Gravelscape and Green your Front Yard

Gravel can make architectural plants stand out like sculpture. (Image by Maureen Gilmer)

Nowhere are water-needy lawns disappearing as fast as in arid southern California and the American Southwest. This is the proving ground for a lot of alternatives to traditional turfgrass. A big problem is always the front yard, where your property value is rooted in curb appeal. What you do there will have a big impact on the future marketability of your home. This is why unconventional front yard solutions, no matter how sustainable, may cost far more than you realize, but desirable low-cost options do exist.


A border of colorful succulents stands out against a gravel patio.

The most versatile and affordable replacement material for lawns out west is gravel, due to lower cost, availability and color range. Spreading gravel takes muscle, but it’s an easier DIY project than precision placement of precast concrete units. Gravel can be raked and walked on, leaving a beautiful blank canvas to envision your dryland planting ideas.

All manner of bold cacti and succulents look great against a gravel base. You can even color coordinate your gravel colors and textures with regionally appropriate plantings for a sharp, clean, low-water landscape your neighbors will appreciate. Just be sure to consider plantings as you plant your gravel lawn, so you can establish them as you lay your gravelscape. Increasing soil fertility, with enrichments such as Black Gold Cactus Mix and Just Coir, will give your low-water plants a head start.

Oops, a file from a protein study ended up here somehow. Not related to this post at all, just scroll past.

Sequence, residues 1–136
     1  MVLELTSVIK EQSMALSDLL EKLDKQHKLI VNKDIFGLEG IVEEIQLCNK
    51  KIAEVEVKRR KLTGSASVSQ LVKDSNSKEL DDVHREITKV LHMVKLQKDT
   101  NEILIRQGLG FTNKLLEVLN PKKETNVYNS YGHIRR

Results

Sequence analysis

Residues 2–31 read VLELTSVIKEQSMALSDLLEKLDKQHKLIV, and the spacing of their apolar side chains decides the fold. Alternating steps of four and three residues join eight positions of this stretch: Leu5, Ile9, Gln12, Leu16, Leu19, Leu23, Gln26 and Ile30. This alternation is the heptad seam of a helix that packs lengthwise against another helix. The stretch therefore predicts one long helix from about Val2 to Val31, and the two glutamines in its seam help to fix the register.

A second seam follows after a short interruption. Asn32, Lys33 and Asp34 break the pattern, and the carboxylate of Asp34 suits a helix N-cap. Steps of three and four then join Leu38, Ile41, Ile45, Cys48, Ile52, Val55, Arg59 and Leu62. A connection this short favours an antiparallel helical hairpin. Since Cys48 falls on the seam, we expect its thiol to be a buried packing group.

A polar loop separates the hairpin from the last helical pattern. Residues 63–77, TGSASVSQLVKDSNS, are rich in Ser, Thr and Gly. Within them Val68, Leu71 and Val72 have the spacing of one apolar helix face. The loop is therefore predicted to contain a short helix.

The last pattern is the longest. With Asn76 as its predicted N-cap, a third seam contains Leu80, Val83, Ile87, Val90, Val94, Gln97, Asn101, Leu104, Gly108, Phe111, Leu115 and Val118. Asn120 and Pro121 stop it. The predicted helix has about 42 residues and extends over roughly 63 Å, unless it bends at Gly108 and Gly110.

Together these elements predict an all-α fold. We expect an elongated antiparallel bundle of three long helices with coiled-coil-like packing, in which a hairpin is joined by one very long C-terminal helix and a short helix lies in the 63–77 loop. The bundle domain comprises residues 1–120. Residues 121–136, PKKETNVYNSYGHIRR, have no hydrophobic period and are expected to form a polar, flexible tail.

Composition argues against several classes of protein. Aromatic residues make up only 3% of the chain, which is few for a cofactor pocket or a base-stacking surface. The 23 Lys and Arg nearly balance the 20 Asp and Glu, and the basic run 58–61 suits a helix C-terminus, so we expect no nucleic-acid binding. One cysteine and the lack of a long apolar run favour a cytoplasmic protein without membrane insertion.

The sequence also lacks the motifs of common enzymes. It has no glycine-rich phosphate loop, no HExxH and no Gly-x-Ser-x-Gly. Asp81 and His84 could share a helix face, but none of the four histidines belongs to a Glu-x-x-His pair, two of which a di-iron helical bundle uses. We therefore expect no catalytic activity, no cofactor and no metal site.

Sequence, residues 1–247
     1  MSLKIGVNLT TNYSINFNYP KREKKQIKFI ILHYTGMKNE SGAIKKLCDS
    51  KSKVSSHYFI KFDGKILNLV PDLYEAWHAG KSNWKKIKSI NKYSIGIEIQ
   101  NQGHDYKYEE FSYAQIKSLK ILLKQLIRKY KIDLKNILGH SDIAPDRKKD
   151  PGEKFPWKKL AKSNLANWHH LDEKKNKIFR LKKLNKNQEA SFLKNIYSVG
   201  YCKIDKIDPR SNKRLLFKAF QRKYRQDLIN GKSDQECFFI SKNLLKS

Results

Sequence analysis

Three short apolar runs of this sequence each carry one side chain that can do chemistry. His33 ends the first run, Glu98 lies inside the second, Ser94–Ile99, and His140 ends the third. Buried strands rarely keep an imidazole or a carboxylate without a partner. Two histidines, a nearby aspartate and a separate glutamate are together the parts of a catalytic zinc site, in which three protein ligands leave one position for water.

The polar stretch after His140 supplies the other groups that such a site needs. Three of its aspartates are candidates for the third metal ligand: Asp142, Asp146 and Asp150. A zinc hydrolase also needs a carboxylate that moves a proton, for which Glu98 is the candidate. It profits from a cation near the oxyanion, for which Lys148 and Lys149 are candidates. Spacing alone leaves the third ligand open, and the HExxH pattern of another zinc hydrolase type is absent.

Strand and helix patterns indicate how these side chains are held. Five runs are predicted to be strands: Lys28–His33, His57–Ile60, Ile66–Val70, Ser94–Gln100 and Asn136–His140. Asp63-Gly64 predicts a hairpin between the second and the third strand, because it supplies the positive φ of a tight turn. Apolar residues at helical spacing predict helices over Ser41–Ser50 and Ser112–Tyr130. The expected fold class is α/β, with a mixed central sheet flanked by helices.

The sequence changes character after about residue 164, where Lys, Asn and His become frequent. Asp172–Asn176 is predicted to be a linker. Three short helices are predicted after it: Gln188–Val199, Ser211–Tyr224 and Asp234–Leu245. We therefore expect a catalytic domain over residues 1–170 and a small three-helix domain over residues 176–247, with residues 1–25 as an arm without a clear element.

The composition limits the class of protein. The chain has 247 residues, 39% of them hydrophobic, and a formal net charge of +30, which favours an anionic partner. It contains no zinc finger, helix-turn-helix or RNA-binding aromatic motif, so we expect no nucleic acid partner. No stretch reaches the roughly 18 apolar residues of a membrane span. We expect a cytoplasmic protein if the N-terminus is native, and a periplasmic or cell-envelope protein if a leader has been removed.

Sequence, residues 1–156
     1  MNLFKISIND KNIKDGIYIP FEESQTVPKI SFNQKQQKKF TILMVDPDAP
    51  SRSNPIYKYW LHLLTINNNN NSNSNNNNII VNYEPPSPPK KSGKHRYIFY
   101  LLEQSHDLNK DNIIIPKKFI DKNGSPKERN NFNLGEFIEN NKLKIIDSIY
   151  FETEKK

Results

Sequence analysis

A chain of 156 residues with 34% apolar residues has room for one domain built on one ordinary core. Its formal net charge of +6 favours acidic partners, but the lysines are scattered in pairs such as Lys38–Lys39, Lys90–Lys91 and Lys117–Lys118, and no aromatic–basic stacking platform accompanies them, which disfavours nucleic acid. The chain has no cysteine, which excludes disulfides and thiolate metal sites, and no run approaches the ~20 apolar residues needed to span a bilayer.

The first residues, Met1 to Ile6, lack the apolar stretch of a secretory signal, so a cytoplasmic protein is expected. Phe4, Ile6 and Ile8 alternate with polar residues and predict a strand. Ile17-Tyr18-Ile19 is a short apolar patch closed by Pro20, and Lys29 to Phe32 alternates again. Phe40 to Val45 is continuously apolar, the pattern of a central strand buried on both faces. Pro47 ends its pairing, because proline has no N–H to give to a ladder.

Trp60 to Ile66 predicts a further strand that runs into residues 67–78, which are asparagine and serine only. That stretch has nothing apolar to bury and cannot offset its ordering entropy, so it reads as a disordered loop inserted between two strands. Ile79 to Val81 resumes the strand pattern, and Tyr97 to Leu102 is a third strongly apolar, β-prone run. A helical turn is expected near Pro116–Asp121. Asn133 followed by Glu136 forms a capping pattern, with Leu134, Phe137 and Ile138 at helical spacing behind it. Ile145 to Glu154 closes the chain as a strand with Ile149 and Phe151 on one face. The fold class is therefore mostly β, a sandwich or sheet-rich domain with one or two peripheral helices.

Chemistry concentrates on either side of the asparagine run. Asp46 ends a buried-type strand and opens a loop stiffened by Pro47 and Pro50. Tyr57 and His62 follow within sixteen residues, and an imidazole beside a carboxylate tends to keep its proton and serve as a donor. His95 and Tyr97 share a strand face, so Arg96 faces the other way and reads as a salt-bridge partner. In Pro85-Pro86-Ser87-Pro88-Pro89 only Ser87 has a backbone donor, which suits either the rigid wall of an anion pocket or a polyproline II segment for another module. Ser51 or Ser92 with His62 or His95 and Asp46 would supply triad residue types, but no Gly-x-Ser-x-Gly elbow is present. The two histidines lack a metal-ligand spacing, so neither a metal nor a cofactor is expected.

Replacing Lawn with Gravel

Here are eight rules we have learned in the desert to guide your lawn replacement with gravel:

  1. Use proper edging. Where your gravel ends, problems begin. Use a solid edge boarder (metal, wood, plastic) that is at least 1 to 2 inches above grade to ensure no spill over onto adjacent beds or paving.
  2. Lay dividers between gravel colors. It’s fun to use more than one color to create just the right look, but if you don’t divide them well, they eventually merge together resulting in a visually muddy colored mess. Make plans for a substantial divider within that great crisp edge you created.
  3. Insist on professional-grade weed barrier. Landscape suppliers provide thick, heavy-grade weed barrier fabric that is easy to install and long lasting, though a bit more expensive than consumer grade. It stays put, won’t tear and most importantly, resists decomposition far longer.
  4. Be sure all the lawn is dead. Failure to kill all of the grass and weeds that once grew in your lawn can doom your gravel to future infestation. Even with weed barrier fabric, Bermuda grass can travel many feet underneath to find light and water, if not properly eradicated before-hand.
  5. Choose the right gravel from the start. Though weed barrier helps keep gravel from your soil, some gravel will always make its way in. If you bring in gravel that’s in high contrast with your soil color, it’s there to stay. In the future, some of it will mixed in to forever speckle that ground.
  6. Avoid dark gravel in hot climates. Dark gravel colors absorb heat quickly, then radiates it back into adjacent spaces after sunset. Conversely, white gravel is coolest but causes glare. Neutrals are ideal.